SAO PAULO Aug 4 Brazilian presidential hopeful
Aecio Neves said on Monday he would consider taxing large
fortunes as part of a broader push to overhaul the country's tax
code, a surprise admission from a candidate who is widely seen
The idea is a vote-getter in a country where the gap between
rich and poor remains among the widest in the world, but it is
not expected to go down well among the wealthy who are looking
to Neves to lower Brazil's heavy tax burden.
Neves said a tax on super wealth was on his agenda, and he
would be discussing the idea with his economic advisers.
"We can discuss a different tax for large fortunes. We don't
have a percentage in mind yet," Neves told reporters in Sao
Paulo. "We have to study the benefits, how it would impact
federal revenues, to see if would be justified."
Brazil has no wealth or inheritance taxes. The leftist
ruling Workers' Party drafted a wealth tax last year as the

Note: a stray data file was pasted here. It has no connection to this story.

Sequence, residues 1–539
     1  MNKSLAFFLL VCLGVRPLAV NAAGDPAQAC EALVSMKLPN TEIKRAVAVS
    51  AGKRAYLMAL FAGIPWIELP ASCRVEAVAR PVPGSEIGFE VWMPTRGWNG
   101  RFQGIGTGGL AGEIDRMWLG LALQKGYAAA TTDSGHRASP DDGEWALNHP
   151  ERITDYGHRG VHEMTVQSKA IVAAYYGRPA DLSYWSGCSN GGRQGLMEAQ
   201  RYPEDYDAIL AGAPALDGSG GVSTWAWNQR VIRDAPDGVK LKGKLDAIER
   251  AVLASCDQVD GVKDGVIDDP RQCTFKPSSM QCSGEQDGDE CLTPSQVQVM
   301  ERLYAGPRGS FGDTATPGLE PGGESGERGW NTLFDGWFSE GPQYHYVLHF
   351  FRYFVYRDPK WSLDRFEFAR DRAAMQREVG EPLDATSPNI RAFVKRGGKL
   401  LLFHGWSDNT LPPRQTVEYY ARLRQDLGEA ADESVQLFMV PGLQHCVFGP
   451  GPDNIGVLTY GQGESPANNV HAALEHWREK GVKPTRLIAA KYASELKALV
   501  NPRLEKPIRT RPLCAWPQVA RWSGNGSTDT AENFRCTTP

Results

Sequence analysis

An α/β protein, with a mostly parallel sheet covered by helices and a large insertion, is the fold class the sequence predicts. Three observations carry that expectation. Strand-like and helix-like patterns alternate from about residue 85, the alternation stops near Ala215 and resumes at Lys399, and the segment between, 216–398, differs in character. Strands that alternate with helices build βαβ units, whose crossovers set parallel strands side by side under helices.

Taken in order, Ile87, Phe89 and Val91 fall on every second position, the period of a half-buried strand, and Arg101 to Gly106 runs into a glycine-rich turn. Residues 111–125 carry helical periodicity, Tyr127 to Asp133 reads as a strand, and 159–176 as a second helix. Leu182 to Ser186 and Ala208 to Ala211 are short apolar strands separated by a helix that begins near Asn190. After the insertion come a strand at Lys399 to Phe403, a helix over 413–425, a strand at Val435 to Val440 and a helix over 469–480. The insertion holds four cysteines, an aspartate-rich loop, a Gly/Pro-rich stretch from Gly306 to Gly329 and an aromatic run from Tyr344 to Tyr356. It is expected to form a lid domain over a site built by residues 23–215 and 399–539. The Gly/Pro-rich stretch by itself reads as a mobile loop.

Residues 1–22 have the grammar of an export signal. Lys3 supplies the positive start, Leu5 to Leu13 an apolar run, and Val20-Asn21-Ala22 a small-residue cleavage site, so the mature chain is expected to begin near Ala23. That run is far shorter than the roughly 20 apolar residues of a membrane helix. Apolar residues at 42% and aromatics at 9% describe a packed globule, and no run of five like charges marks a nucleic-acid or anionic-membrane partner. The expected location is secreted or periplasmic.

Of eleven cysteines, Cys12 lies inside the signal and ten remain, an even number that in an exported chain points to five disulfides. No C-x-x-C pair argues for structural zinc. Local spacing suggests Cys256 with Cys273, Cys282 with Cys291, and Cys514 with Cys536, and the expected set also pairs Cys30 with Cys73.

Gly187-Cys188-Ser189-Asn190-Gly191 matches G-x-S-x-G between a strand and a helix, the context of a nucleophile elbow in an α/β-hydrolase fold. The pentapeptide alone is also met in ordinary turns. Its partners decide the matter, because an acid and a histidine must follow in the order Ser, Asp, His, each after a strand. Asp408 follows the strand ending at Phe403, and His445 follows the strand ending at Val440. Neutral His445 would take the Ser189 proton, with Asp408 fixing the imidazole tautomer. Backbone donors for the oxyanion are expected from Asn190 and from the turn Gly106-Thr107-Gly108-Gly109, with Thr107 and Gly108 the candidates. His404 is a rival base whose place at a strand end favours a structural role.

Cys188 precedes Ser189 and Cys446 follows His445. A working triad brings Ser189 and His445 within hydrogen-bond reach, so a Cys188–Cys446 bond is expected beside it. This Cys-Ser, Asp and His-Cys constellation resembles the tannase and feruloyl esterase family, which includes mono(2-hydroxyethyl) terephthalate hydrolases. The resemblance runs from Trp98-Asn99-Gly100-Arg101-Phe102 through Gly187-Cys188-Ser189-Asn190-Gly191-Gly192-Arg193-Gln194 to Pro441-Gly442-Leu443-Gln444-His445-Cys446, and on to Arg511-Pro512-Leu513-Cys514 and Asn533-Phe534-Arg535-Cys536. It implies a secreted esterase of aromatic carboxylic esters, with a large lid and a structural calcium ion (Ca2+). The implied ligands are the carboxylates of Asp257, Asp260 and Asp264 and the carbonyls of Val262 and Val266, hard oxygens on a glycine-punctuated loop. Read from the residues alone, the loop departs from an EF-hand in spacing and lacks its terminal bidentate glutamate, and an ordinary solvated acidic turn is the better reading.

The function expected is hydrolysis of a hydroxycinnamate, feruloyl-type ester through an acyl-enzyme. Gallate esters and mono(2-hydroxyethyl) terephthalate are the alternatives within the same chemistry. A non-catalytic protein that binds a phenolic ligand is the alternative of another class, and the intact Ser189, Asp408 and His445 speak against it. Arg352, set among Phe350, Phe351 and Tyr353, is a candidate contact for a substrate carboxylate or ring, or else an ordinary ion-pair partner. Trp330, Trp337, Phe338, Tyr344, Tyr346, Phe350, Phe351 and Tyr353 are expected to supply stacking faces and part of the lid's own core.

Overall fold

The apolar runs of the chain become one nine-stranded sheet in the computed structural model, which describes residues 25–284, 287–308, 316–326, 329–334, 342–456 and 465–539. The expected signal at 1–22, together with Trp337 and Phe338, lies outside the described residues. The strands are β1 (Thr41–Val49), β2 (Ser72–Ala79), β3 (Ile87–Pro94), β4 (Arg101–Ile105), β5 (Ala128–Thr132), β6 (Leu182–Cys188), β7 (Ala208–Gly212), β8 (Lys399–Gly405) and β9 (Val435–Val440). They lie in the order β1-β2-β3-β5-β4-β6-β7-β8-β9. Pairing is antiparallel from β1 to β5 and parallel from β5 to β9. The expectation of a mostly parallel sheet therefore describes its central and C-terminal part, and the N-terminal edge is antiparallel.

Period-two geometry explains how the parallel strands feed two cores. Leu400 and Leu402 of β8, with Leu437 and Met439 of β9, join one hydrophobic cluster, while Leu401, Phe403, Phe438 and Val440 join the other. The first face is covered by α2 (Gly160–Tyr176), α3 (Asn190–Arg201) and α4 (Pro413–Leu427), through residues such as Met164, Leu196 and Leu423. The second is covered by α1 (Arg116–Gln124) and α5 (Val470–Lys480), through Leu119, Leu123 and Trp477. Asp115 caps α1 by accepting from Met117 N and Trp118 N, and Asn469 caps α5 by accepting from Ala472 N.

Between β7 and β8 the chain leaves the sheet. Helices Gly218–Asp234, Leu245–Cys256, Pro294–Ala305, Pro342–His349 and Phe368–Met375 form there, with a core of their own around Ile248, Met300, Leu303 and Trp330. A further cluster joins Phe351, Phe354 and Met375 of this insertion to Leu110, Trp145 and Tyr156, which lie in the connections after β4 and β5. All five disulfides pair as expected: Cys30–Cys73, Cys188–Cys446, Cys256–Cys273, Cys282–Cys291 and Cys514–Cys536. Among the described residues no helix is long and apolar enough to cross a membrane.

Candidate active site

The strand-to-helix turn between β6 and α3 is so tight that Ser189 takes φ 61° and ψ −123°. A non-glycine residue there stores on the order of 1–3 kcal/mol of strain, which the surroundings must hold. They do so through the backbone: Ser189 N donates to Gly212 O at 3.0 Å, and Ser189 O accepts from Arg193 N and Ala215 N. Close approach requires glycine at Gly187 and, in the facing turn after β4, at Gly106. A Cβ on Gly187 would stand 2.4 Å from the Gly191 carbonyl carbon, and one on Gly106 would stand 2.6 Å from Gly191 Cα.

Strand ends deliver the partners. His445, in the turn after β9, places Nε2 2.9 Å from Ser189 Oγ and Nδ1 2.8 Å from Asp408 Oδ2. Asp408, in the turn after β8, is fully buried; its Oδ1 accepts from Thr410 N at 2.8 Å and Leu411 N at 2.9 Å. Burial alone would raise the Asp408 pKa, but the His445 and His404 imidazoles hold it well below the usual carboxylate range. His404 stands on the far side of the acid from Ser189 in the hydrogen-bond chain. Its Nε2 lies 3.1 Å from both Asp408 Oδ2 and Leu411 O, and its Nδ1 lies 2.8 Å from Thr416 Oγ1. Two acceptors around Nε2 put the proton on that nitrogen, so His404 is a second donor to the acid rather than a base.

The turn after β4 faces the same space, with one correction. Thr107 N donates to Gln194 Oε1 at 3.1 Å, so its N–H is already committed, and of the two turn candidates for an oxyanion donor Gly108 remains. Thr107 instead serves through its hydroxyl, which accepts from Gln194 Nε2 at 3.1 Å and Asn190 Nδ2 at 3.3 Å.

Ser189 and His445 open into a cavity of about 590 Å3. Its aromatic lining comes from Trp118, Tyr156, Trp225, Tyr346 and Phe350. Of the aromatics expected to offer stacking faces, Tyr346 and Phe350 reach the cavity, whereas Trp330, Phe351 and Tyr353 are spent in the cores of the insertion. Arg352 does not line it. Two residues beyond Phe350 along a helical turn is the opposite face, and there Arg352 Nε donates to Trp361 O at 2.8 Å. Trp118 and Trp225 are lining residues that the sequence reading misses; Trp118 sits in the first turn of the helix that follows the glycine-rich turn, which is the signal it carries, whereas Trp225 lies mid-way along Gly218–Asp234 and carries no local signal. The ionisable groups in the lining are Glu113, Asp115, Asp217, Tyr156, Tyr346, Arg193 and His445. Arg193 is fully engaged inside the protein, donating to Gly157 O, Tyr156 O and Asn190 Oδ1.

government's fiscal savings deteriorated in a slowing economy.
But the proposal never took off.
Efforts to tax fortunes have faced fierce opposition in the
past, but massive protests last year against the poor quality of
education, health and public transport services may have created
more fertile political conditions for taxing the wealthy.
Neves has put tax reform at the top of his platform, vowing
to simplify Brazil's complex and onerous taxation system.
Brazilian companies need 2,600 hours a year to do their taxes,
compared with an average of 369 hours in Latin America and 175
hours in nations of the Organisation for Economic Cooperation
and Development, according to a World Bank study.
Opinion polls show the Workers' Party is facing its toughest
election since taking office in 2003 that will likely go to a
second-round runoff in late October between Neves and President
Dilma Rousseff, who remains ahead in the polls thanks to social
programs that have reduced poverty and inequality.
Neves is campaigning to restore investment in Brazil's
once-booming economy by reducing the cost of doing business,
which would require tackling heavy taxes and labor costs to make
the country's manufacturers more competitive.
Neves is expected to do well in the more affluent areas of
southeastern Brazil, but elsewhere he is little known and has
struggled to shed his image as a member of the country's elite.
(Reporting by Eduardo Simões and Anthony Boadle; Editing by